What Made Sam­my Run?

Sam Sil­ber­berg; adapt­ed by Car­olyn Buan
  • Review
By – September 16, 2013

Sam­my Sil­ber­berg, the author of this Holo­caust mem­oir, is now 83. In this book, he tells the sto­ry of his life from the time he was eight years old, liv­ing in his Pol­ish home town in the 1930s, to his immi­gra­tion to the Unit­ed States in n1952 after fight­ing Israel’s War of Independence.

He was always feisty,” a born nego­tia­tor, and a believ­er that one should take action to fight for one’s life. As the noose” of the Nazis tight­ens, his Uncle Moses plants the seeds in Sam’s mind for return­ing to Zion and help­ing to estab­lish a home­land there for the Jews. After the Ger­mans invade Poland and Sam and his fam­i­ly are trans­ferred from ghet­to to ghet­to, he learns how to smug­gle food. Lat­er, he and his father are in the selec­tion line at Auschwitz and he stands on a con­crete block to make the Nazis think he is taller and old­er. In this way, he and his father are able to be togeth­er in the camp until the death march” near the end of the war.

Phys­i­cal and emo­tion­al sur­vival are but­tressed by his father’s phi­los­o­phy that you must not look back but must make the best of the present. Learn­ing that Sam’s moth­er is pos­ing as an Aryan and work­ing in a com­mu­ni­ty near the camp gives them a psy­cho­log­i­cal boost, which helps them survive.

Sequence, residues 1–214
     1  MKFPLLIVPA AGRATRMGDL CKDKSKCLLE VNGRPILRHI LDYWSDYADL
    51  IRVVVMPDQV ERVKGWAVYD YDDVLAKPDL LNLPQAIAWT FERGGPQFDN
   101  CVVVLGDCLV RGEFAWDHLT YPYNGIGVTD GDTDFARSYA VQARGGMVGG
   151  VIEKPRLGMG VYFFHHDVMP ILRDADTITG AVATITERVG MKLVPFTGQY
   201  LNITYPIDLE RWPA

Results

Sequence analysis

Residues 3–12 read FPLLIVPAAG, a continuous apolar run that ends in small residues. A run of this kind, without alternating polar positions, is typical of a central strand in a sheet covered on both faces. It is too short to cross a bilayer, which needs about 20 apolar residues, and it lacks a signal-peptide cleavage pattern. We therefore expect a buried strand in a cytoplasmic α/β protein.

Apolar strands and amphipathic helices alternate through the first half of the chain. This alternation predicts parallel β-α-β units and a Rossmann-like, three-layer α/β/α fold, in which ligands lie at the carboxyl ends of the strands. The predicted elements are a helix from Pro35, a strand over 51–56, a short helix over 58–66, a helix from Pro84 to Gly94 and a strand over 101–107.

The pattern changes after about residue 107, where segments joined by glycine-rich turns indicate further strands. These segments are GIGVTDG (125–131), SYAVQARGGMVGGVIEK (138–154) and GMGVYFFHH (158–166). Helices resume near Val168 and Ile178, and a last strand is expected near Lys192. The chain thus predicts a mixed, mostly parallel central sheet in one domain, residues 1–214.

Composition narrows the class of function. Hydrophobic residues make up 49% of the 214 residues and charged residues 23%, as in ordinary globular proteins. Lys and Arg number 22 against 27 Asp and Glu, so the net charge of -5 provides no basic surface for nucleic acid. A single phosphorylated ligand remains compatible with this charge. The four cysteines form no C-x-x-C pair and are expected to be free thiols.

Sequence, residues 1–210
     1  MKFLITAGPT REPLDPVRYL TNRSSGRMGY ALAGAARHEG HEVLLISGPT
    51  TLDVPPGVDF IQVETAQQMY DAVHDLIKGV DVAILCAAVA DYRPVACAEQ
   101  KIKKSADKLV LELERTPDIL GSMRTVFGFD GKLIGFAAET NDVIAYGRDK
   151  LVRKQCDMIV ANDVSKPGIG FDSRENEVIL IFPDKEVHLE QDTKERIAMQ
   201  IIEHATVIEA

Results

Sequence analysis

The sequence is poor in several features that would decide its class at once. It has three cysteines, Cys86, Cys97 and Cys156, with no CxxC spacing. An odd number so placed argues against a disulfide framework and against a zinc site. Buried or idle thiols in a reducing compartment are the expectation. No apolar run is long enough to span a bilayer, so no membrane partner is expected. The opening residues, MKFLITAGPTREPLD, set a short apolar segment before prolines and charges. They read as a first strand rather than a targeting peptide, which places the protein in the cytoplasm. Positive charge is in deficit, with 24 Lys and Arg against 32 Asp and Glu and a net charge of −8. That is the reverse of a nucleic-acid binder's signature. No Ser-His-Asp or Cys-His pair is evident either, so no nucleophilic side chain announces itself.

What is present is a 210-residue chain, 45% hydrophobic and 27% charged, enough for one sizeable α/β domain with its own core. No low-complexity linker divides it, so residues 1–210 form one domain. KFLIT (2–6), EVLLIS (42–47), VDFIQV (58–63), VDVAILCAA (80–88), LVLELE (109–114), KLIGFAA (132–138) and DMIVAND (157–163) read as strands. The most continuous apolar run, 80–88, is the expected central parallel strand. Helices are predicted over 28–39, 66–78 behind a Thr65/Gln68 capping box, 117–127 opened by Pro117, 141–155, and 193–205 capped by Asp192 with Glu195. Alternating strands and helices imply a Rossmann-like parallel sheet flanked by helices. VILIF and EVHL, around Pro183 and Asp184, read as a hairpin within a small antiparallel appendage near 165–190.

Dur­ing the death march, Sam tells his father that they must escape. His father does not respond. When Sam sees an oppor­tu­ni­ty, he takes it and nev­er sees his father agin. He is able to find his moth­er, but lat­er leaves her to fo to Pales­tine and be trained as a sol­dier and he takes part in defend­ing the Neg­ba kib­butz. Sub­se­quent­ly, he goes to the Unit­ed States to join his moth­er who is already liv­ing there.

The dri­ve and resilien­cy of the author is inspir­ing and a role mod­el for teenagers every­where. The sto­ry is accom­pa­nied by pho­tographs of his fam­i­ly, of the Nazis, and of the con­cen­tra­tion camps, as well as a glos­sary, a list of dis­cus­sion ques­tions, and a list of sug­gest­ed projects.

Rec­om­mend­ed for ages 12 and up.

Marge Kaplan is a retired Eng­lish as a Sec­ond Lan­guage teacher. She is a con­sul­tant for the children’s lit­er­a­ture group for the Roseville, MN school sys­tem and is a sto­ry­teller of Jew­ish tales.

Discussion Questions